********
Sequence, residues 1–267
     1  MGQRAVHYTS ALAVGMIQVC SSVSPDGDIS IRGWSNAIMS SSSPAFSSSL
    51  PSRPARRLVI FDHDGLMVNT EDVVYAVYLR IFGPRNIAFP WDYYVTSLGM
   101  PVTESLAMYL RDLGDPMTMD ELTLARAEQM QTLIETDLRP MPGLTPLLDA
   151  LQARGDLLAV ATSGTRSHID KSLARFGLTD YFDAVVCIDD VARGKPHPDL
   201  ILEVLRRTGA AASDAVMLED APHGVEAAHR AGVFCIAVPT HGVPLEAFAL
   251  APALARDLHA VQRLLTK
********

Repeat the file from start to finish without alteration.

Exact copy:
Sequence, residues 1–267
     1  MGQRAVHYTS ALAVGMIQVC SSVSPDGDIS IRGWSNAIMS SSSPAFSSSL
    51  PSRPARRLVI FDHDGLMVNT EDVVYAVYLR IFGPRNIAFP WDYYVTSLGM
   101  PVTESLAMYL RDLGDPMTMD ELTLARAEQM QTLIETDLRP MPGLTPLLDA
   151  LQARGDLLAV ATSGTRSHID KSLARFGLTD YFDAVVCIDD VARGKPHPDL
   201  ILEVLRRTGA AASDAVMLED APHGVEAAHR AGVFCIAVPT HGVPLEAFAL
   251  APALARDLHA VQRLLTK